There is charisma, culture and class in the cornfields of Delphi, and three businesswomen captaining their professions from the Delphi Opera House building complex personify and exemplify that.
Inger Cowan and Cynthia Lashley are co-owners of Empire Consignment, a women’s upscale resale designer boutique, and iNc Empire LLC, an employment agency.
Robin Williams is executive director and curator of the recently renovated Delphi Opera House. The trio’s respective businesses are housed there on South Washington Street, just above and next-door to the Opera House Gallery of Contemporary Arts.
The Opera House occupants comprise an exemplary team of talent, grace and moxie.
That is why Cowan and Lashley stunned the December annual Carroll County Holiday Awards Banquet by winning its highest and most prestigious honor when they were awarded as Carroll County Chamber of Commerce’s Business of the Year.
“We were shocked by winning that award,” admitted Cowan. “We were not prepared. Although we have significant support in the community, we were not expecting to win in only our second year in business.”
Lashley echoed her partner’s sentiments. “There are so many formidable businesses in the county that have been around for an exceptionally long time and are very well known. We honestly never thought we had a shot. We were genuinely surprised we were even nominated.”
The mayor of Delphi, Anita Werling, told this reporter that night she had voted for the Empire Consignment owners.
“Anita has been one of our biggest supporters before we were even approved by the Conservation Society to get into (The Opera house),” appreciated Cowan.
“That’s so sweet of her!” added Lashley about Mayor Werling.
What was the winning ingredient — their company sales, their twin personalities or just their Ooh La La?
“I’d like to think all of the above,” Cowan laughed. “Realistically, it is our customers. We have customers all over the country. Both of our businesses have a footprint outside of Delphi, but I do think we do very well here. If social media is not part of your business plan, you are lacking. That’s something in 2022 we are looking to develop even more.”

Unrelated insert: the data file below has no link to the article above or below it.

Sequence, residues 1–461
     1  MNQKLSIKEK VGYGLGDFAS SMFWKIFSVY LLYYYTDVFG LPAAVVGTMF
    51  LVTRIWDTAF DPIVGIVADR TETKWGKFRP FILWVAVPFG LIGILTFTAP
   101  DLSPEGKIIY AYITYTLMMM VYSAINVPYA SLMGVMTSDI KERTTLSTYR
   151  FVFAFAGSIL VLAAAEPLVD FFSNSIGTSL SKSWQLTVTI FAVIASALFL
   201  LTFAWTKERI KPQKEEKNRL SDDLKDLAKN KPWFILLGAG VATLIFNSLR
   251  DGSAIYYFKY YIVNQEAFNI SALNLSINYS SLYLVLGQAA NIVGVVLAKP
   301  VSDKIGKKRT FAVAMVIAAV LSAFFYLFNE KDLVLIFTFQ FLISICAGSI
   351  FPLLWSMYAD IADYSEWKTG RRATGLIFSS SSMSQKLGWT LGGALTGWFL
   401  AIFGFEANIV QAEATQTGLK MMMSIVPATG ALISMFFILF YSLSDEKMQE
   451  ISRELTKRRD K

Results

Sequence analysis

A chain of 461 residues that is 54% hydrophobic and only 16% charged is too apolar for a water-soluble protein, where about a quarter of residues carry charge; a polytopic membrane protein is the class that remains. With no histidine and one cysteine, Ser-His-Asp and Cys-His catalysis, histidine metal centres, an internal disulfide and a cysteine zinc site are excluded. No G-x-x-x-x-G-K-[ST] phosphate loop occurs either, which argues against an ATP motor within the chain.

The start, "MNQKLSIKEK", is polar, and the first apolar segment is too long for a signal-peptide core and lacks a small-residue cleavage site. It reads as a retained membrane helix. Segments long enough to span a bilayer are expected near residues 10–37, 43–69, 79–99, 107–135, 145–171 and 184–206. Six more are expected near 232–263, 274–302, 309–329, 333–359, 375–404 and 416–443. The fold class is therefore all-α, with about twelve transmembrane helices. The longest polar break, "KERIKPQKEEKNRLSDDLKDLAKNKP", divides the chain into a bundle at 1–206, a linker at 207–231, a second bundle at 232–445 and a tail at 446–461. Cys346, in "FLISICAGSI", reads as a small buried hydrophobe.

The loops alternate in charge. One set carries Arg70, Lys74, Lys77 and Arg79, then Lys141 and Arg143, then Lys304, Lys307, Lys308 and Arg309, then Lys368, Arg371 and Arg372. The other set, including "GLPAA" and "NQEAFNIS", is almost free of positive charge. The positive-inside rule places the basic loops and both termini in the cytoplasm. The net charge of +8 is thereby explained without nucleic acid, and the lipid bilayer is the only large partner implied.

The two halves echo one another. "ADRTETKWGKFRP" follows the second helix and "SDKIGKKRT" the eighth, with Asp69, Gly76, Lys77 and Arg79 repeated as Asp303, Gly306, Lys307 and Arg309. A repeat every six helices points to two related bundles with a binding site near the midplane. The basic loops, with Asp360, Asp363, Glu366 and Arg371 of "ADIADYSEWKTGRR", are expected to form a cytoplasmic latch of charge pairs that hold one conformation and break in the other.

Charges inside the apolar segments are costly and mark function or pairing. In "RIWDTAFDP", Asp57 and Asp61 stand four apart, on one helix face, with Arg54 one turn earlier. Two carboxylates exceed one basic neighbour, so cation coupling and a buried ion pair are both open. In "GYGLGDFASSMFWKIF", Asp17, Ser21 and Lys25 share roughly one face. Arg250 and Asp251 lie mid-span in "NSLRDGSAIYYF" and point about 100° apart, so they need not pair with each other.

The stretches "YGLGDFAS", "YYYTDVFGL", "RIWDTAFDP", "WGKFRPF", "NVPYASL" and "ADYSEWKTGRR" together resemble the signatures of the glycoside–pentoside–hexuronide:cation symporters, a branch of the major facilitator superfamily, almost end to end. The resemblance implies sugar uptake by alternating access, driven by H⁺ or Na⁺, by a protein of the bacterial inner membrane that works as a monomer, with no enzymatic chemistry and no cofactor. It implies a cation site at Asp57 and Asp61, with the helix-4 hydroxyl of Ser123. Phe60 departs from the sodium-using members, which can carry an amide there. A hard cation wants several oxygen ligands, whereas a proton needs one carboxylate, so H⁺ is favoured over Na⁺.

The threesome already has exciting, politically approved plans for 2022.
“We all have a unique style,” Cowan opined. “We were attracted to each other because we bring a whole different presence and style to Delphi, and we love that about each other. The first time I laid eyes on Robin, I knew we were going to be friends, and she’s been accepted here very well.”
Thursday marked the epiphany and official start of Mardi Gras season, and the announcement that three dynamic ladies in the Downtown Delphi Opera House building are leading the charge to create a new cultural celebration to enliven the community this winter.
“Our next important thing that we are all excited about is Mardi Gras,” Cowan revealed. “The #1 new person here, Robin, she came in with a whole Mardi Gras idea for the Opera House, and my business partner and I are running with it. We are also trying to start a Mardi Gras parade. We have just won City Council approval for that.”
Cowan continued, “We want to bring something new here. This is going to be quite different. I am so glad that Robin kicked this off, so now we are just jumping on her bandwagon. It’s going to be exciting for us to know that we’re part of starting a new tradition here and starting something that is multicultural, which is going to bring a whole new experience for people.”
“I am so excited about this! We are bringing a taste of New Orleans to Delphi,” Lashley added fervently. “This could be the beginning of a whole new yearly celebration for the area that will bring people from all around the area to our cute community.